The Register-Herald, Beckley, West Virginia

Life!

July 6, 2014

Why everyone should relate to Relay

Which leg of the relay are you on? Are you the first among your circle to have cancer — setting the pace from the starting blocks for completing the course with strength?

Or are you waiting on the receiving end of a genetic baton, predisposing you to a particular type of cancer?

Are you an anchor? The spouse, friend, or parent — chasing away anything that distracts from that one elusive word — recovery — holding it together so another can fight?

None of us are cancer free. That’s how an oncologist explained cancer to Pat Davis. To her, mom of a cancer survivor, it was the only explanation that made sense.

Davis, Media and Corporate Sponsor chair for Relay For Life of Raleigh County, comments, “We all have cancer cells in our bodies; the question is, what causes them to start growing, to go haywire?”

Davis volunteers as a Relay For Life leader because she believes in finding a cure for cancer. She is also a believer in celebrating progress and a job so far well done but with miles still to go.

“The American Cancer Society is known as the creator of more birthdays — over 400 people celebrate their birthdays every day who would not be here if it weren’t for early detection and treatments,” she states.

Davis became active with the annual American Cancer Society fundraising event when her son, Micah, was diagnosed with thyroid cancer.

“I had never heard of Relay For Life before 2001. Micah was diagnosed that year in April at age 24. He had surgery that month and went to his first event that June.”

Thyroid cancer had taken the wind out of Davis — it was unexpected. Micah didn’t have a family history and his profile didn’t fit that of the typical person at risk of thyroid cancer.

That’s when she realized — cancer is an indiscriminate thief.

“As a mother, you want to try and help your kids. I wanted to help Micah, but I couldn’t take cancer away from him. My next best option was to help fight it by raising money.”

Davis has since participated in organizing Raleigh County’s Relay For Life, held at Crossroads Mall. This year’s open-invitation gathering is July 11 and the need is greater than ever with a goal of $110,000 to contribute toward cancer research.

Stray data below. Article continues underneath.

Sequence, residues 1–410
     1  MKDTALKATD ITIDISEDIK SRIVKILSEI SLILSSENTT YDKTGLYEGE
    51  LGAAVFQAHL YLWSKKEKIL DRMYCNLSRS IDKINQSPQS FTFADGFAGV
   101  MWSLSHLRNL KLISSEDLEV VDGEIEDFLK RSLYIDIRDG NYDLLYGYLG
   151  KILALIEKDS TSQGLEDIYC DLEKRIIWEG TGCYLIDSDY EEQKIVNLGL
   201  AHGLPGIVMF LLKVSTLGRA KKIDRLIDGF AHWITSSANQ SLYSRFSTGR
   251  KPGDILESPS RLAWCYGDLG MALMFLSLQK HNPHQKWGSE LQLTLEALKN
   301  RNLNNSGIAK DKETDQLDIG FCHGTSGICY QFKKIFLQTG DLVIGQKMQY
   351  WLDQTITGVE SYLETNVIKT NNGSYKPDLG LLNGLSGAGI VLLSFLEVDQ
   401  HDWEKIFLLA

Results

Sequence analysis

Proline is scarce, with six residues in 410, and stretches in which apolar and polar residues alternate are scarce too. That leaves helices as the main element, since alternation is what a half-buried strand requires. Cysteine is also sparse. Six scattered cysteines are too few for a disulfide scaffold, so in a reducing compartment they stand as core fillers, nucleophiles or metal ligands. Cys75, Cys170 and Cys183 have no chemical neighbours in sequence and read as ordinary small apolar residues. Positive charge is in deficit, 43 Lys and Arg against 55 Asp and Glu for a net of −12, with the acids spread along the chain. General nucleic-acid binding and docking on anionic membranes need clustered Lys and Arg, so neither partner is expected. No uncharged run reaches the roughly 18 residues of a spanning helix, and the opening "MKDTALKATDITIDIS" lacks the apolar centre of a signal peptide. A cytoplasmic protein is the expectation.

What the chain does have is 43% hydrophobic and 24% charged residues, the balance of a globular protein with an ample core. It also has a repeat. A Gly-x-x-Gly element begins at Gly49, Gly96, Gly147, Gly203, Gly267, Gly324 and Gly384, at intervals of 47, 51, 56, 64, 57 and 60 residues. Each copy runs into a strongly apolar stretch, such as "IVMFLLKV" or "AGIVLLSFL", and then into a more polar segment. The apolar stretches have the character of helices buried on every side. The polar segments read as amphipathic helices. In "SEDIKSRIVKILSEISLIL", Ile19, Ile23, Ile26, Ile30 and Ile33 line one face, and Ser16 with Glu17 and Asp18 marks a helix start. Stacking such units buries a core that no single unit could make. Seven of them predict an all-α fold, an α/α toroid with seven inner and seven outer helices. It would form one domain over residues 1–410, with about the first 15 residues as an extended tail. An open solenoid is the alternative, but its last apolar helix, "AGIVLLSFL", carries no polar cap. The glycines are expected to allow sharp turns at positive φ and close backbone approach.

Like she did from a need to understand, Davis encourages people, families, to come to Relay For Life “just one time.” The atmosphere of encouragement and hope, she says from experience, will keep them coming back.

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No longer whispered like a curse word in casual conversation, cancer has come to represent a generational kind of honesty. Once held in the esoteric confines of family and support groups, a cultural transparency about cancer is emerging in books like the celebrated novel “The Fault in Our Stars” by John Green and its 2014 screen adaptation. Made-for-television dramas play out lives altered from dealing with the life-limiting illness.

Davis’ hope is that the momentum of attention to cancer will equate greater concern and support for a cure, an enduring awareness that no one rests … until there is resolution.

“We raise money throughout the year because cancer is a year-round thing. Sometimes, people ask, ‘Are you going to stop (the event) if it rains?’ No,” comments Davis, “because cancer doesn’t stop when it rains.”

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Kathy Housh, Crossroads Mall general manager, says her goal is to keep the event interesting and different each year so families are encouraged to relate to cancer survivors regularly and to support continued awareness and fundraising efforts.

Creativity for a cause is her forte.

“We are doing a selfie booth this year with all kinds of props. We are also selling sidewalk chalk for people to write inspiring messages on the parking lot. The sponsor booths this year have taken the different colors representing the different types of cancer,” says Housh.

She is also bringing back popular food vendors, like the sausage sandwiches sold as one of many specialty options available for the crowd, an item she says has become more like a tradition.

The event kicks off at 6 p.m., with the most visibly touching component — the survivor and caregiver lap around the parking lot — beginning at 6:30.

In addition to individual sponsor activities, the luminary service in remembrance of those who’ve lost their battles to cancer begins at 9 p.m. and the lighthearted Mr. Relay pageant begins at 11 p.m.

“Relay for Life is very symbolic,” Davis describes. “We start at night, representing the darkness of when a person receives that first diagnosis. We begin with the Survivor Lap, we walk and stay up all night, representing when you’re tired and you don’t want to go on. The closing ceremonies are around 5 a.m. — when the sun comes up.”

This year’s theme, “The Colors of Hope,” was intended to illustrate the multiple types of cancer addressed in part by funds from events held across the nation.

“Breast cancer is important, but Relay is not just for breast cancer. My biggest fear in planning was that all the booths would be pink. We want to see lots of color to let people know we fight all cancers, not just breast cancer,” says Davis.

Once the volunteers and sponsors are back at home catching up on their rest from the night previous, once the donations are counted and the goal met, Davis can briefly rest knowing the money raised today might fund the research that saves a family member from cancer tomorrow.

“Relay makes you more aware of cancer and how it affects everyone’s life. But there is hope. With the advancements the ACS is making in treatments, there is always hope,” she states.

— E-mail: lshrewsberry@register-herald.com

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